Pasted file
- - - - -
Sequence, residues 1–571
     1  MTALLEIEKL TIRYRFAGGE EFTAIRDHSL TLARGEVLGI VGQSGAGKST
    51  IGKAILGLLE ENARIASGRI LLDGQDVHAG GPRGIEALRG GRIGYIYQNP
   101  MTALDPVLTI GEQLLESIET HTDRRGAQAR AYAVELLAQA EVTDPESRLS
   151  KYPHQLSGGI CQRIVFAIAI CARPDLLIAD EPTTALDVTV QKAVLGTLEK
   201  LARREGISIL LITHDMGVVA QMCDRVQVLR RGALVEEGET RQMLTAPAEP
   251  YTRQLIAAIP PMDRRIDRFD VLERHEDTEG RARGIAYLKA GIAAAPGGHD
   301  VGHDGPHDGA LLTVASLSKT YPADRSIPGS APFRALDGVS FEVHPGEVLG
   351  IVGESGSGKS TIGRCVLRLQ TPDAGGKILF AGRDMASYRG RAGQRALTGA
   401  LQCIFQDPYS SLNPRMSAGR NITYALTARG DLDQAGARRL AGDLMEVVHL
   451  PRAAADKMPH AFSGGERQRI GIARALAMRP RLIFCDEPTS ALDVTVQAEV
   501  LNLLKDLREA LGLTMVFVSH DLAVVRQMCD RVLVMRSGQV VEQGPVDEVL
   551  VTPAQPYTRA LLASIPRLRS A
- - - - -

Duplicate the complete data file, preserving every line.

Sequence, residues 1–571
     1  MTALLEIEKL TIRYRFAGGE EFTAIRDHSL TLARGEVLGI VGQSGAGKST
    51  IGKAILGLLE ENARIASGRI LLDGQDVHAG GPRGIEALRG GRIGYIYQNP
   101  MTALDPVLTI GEQLLESIET HTDRRGAQAR AYAVELLAQA EVTDPESRLS
   151  KYPHQLSGGI CQRIVFAIAI CARPDLLIAD EPTTALDVTV QKAVLGTLEK
   201  LARREGISIL LITHDMGVVA QMCDRVQVLR RGALVEEGET RQMLTAPAEP
   251  YTRQLIAAIP PMDRRIDRFD VLERHEDTEG RARGIAYLKA GIAAAPGGHD
   301  VGHDGPHDGA LLTVASLSKT YPADRSIPGS APFRALDGVS FEVHPGEVLG
   351  IVGESGSGKS TIGRCVLRLQ TPDAGGKILF AGRDMASYRG RAGQRALTGA
   401  LQCIFQDPYS SLNPRMSAGR NITYALTARG DLDQAGARRL AGDLMEVVHL
   451  PRAAADKMPH AFSGGERQRI GIARALAMRP RLIFCDEPTS ALDVTVQAEV
   501  LNLLKDLREA LGLTMVFVSH DLAVVRQMCD RVLVMRSGQV VEQGPVDEVL
   551  VTPAQPYTRA LLASIPRLRS A